Following the capture of Henry VI, Queen Margaret raised an army in Yorkshire numbering some 15,000 men. The Duke of York and the Earl of Salisbury, with an army of about 6,000 men, marched out of London in early December and headed north. At Worksop they brushed aside a Lancastrian advance guard commanded by the captain Andrew Trollope and arrived at Sandal castle in Yorkshire.   Unbeknown to York, the Lancastrians had concentrated their forces at nearby Pontefract castle.

On 29th December a Yorkist foraging party blundered into the main body of the Lancastrian army and was pursued back to Wakefield. The following morning a force of about 6,000 men commanded by the Duke of Somerset and Lord Clifford deployed for battle in full view of the Yorkist army in and around Sandal castle. On seeing this, the Duke of York and the Earl of Salisbury marched their army down from the castle onto level ground near the River Calder. They did not realise that the Lancastrians had laid a trap. As soon as York and Somerset became embroiled in a melee, two large forces of the Lancastrian army, commanded by the Earl of Wiltshire and Lord Roos, emerged from nearby woods surrounding the Yorkist army. Around 3,000 Yorkists were killed including the Duke of York. His son the Earl of Rutland was killed escaping from the battlefield and the Earl of Salisbury was captured that evening and executed the next day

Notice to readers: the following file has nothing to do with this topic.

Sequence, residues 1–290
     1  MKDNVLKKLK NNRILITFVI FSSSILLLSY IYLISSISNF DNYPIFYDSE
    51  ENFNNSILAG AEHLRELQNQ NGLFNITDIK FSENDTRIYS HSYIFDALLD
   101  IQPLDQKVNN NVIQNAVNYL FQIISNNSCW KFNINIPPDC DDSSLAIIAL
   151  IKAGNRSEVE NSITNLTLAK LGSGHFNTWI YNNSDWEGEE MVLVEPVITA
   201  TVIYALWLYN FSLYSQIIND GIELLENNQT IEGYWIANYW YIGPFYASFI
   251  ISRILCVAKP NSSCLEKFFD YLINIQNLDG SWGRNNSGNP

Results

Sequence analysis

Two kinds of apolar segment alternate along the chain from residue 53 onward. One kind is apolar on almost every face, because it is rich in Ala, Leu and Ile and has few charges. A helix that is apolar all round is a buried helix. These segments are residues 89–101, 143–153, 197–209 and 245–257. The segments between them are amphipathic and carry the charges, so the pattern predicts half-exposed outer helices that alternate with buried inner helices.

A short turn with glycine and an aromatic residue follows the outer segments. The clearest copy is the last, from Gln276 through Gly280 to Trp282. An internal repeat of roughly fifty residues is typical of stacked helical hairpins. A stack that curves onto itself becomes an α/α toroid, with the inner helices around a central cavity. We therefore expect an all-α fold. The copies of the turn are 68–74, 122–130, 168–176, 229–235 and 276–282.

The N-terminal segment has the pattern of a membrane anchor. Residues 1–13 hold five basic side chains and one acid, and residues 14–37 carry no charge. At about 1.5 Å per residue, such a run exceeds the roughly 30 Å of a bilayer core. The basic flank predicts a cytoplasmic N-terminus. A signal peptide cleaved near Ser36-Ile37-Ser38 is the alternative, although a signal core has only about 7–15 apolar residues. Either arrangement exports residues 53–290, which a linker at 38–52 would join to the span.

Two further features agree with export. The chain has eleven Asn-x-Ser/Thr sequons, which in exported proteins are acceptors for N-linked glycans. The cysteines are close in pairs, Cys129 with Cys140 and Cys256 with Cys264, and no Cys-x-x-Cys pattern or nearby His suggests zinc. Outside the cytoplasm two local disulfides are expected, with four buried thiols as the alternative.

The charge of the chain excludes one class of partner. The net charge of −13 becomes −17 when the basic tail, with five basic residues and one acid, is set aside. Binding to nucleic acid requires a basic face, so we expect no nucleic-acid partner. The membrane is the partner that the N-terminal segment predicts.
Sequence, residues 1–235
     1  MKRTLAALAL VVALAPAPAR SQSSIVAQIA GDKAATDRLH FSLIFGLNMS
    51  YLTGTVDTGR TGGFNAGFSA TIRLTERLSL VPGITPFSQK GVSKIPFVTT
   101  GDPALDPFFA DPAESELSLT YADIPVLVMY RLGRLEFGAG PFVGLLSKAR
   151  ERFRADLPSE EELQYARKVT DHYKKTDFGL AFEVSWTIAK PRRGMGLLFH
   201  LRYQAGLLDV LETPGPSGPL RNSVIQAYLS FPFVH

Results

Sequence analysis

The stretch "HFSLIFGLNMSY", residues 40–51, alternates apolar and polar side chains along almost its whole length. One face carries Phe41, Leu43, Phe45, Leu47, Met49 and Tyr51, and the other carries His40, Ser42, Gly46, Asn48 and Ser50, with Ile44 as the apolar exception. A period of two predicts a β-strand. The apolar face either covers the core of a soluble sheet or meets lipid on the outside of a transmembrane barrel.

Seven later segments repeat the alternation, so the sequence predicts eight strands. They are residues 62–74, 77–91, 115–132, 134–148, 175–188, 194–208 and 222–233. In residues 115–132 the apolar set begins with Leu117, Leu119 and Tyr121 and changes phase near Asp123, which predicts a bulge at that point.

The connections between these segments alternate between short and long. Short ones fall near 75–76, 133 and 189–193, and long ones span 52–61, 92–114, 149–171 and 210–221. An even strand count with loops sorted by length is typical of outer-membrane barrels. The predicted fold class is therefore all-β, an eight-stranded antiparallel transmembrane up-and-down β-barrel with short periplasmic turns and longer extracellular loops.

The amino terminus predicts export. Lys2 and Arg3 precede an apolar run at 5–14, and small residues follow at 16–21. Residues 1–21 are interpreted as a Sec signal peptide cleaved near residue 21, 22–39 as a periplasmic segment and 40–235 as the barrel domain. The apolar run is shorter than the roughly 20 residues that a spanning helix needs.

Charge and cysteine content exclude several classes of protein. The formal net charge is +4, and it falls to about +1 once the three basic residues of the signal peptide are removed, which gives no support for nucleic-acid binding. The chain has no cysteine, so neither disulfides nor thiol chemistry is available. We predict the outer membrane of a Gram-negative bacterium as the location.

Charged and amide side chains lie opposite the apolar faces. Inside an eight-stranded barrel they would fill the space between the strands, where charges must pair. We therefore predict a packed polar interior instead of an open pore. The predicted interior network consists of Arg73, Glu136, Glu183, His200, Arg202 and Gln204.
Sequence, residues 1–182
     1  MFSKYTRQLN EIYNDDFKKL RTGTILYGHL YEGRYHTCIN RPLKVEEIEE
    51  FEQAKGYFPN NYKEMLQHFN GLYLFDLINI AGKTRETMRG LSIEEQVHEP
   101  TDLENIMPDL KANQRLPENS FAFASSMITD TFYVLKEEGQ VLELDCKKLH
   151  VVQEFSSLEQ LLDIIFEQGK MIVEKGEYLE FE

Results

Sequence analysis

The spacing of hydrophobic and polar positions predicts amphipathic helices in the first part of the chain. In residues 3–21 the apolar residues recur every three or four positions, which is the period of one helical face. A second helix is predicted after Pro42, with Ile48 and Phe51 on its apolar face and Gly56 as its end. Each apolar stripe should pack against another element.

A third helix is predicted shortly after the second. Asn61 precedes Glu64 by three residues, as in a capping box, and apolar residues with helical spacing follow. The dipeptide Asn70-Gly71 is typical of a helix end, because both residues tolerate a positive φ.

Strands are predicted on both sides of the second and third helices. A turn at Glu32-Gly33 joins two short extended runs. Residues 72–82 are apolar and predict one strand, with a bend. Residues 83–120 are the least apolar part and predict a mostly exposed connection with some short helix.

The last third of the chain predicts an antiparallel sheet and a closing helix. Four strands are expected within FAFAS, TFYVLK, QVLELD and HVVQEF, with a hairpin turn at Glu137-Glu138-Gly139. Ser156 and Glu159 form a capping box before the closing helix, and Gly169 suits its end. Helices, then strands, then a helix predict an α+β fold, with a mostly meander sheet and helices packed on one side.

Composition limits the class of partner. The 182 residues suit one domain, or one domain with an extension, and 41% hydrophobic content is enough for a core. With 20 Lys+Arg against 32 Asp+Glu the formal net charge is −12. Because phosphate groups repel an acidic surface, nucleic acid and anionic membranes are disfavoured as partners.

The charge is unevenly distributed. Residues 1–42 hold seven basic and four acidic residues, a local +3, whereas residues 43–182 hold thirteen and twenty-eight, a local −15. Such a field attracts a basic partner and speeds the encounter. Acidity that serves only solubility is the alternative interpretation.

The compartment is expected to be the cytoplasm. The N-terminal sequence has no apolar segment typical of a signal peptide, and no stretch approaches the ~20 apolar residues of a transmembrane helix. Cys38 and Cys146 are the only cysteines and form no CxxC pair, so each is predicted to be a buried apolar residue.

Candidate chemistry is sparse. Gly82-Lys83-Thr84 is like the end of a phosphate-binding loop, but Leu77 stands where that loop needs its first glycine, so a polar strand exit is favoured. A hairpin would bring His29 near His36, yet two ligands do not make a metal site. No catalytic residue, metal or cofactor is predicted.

http://www.richardiii.net/PDFS/Battle%20of%20Wakefield.pdf

Horrible Histories – Medieval War

http://www.youtube.com/watch?v=pygLvyDdewU

Archaeologists to probe Sherwood Forest’s ‘Thing’

A team of experts hope to shed new light on one of Nottinghamshire’s most mysterious ancient monuments.

A ‘Thing’, or open-air meeting place where Vikings gathered to discuss the law, was discovered in the Birklands, Sherwood Forest, five years ago.

http://news.bbc.co.uk/local/nottingham/hi/people_and_places/history/newsid_9155000/9155982.stm

Manchester Middle English manuscripts

The John Rylands University Library’s Middle English manuscripts are of paramount importance to key subject areas, including literature, history, theology, linguistics and art history.

In response to demand for improved access, the Library has received funding from JISC (the Joint Information Systems Committee) to digitise all 41 manuscripts (c 12,000 images) and to make them publicly available via a dedicated project website. This is the cornerstone of a more ambitious project for a Manchester Medieval Digital Library, which will contain manuscripts in other languages and incunabula (books printed before 1501).

The manuscripts include key works of medieval literature, such as the Canterbury Tales and John Lydgate’s two major poems, the Troy Book and Fall of Princes. There are also numerous copies of the New Testament, translated into English by John Wycliffe, the fourteenth-century radical and church reformer. Other notable works include several copies of the Brut, the medieval history of England, meditations on the life of Christ, a legal commonplace book and medical recipes.

http://www.library.manchester.ac.uk/inthebigynnyng/